Travel Hour host Matthew Stevenson talks with Nancy and Adlai Stevenson III (the former U.S. senator from Illinois) about their political family that stretches to the time of the Lincoln-Douglas debates in the 1850s and includes the presidential runs of Adlai Stevenson II in the 1950s.
Travel Hour host Matthew Stevenson visits Lecompton, Kansas, and speaks with Tim Ruis, site administrator of Constitutional Hall, where in many ways the Civil War began.
Travel Hour host Matthew Stevenson speaks with Grady Atwater, site administrator of the John Brown Museum Historic Site, which is southwest by about an hour from Kansas City, MO. It was from here that John Brown fought against slavery coming to the Kansas territories in the 1850s.
Travel Hour host Matthew Stevenson speaks with the director of the James K. Polk Home & Museum, John Holtzapple, about how, as president, James K. Polk added more than a million square miles to the United States.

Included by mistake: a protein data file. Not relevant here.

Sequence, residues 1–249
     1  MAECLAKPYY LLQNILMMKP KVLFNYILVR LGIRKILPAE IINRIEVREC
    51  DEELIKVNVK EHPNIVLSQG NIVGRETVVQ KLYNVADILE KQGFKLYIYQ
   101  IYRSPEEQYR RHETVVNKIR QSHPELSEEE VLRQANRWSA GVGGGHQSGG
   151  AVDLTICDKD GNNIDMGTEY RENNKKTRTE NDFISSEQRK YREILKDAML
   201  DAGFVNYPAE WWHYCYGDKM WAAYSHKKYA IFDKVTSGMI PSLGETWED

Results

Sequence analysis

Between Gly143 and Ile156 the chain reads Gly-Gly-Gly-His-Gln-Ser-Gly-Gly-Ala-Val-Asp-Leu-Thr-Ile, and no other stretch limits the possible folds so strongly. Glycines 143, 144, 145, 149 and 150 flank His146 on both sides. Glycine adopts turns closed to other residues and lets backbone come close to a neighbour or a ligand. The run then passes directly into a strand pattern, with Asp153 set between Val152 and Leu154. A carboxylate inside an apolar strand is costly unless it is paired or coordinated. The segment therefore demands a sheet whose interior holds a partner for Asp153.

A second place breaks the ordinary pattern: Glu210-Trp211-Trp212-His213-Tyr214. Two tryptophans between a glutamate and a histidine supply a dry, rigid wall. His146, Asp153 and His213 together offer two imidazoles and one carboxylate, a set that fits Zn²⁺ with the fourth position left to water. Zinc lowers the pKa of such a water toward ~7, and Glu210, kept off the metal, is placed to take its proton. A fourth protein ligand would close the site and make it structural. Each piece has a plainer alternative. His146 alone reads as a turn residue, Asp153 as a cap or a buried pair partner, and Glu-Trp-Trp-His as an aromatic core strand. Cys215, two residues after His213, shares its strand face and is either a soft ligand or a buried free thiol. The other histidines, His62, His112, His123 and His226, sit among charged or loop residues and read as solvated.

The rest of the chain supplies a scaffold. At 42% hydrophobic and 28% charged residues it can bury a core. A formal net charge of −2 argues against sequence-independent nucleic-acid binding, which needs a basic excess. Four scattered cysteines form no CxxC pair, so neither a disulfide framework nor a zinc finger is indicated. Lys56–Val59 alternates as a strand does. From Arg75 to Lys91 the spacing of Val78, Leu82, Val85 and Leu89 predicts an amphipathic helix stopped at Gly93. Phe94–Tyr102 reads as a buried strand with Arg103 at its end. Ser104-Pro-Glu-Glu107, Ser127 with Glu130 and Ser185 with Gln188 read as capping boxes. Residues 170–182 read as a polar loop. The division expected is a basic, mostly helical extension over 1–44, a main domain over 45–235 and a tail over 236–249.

University of London Professor and noted scholar of F. Scott Fitzgerald, Dr. Sarah Churchwell, speaks with Travel Hour host Matthew Stevenson about the 1925 great American novel, The Great Gatsby, and its many worlds
Travel Hour host Matthew Stevenson speaks with Edward Mortimer—the well-respected journalist, author, and diplomat who is now a distinguished fellow at All Souls College in Oxford, England—about Israel, Palestine, Syria, Iraq, and Iran, and the chances for peace in the Middle East.
Travel Hour host Matthew Stevenson speaks with veteran journalists Robert Carmichael and Luke Hunt about Cambodia and the legacies of the Khmer Rouge and Pol Pot, and how listeners can explore Cambodian history on their own.
Travel Hour host Matthew Stevenson speaks with human rights lawyer Richard J. Rogers about the long civil war in Sri Lanka and his hopes that the victims of that fighting might find justice for their losses.
Host Matthew Stevenson speaks with author Andrew Lownie talks about his new book, Stalin's Englishman, a biography of the Russian spy Guy Burgess, a member of the Cambridge Ring that penetrated the heart of British foreign policy in the 1930s, 40s, and 50s.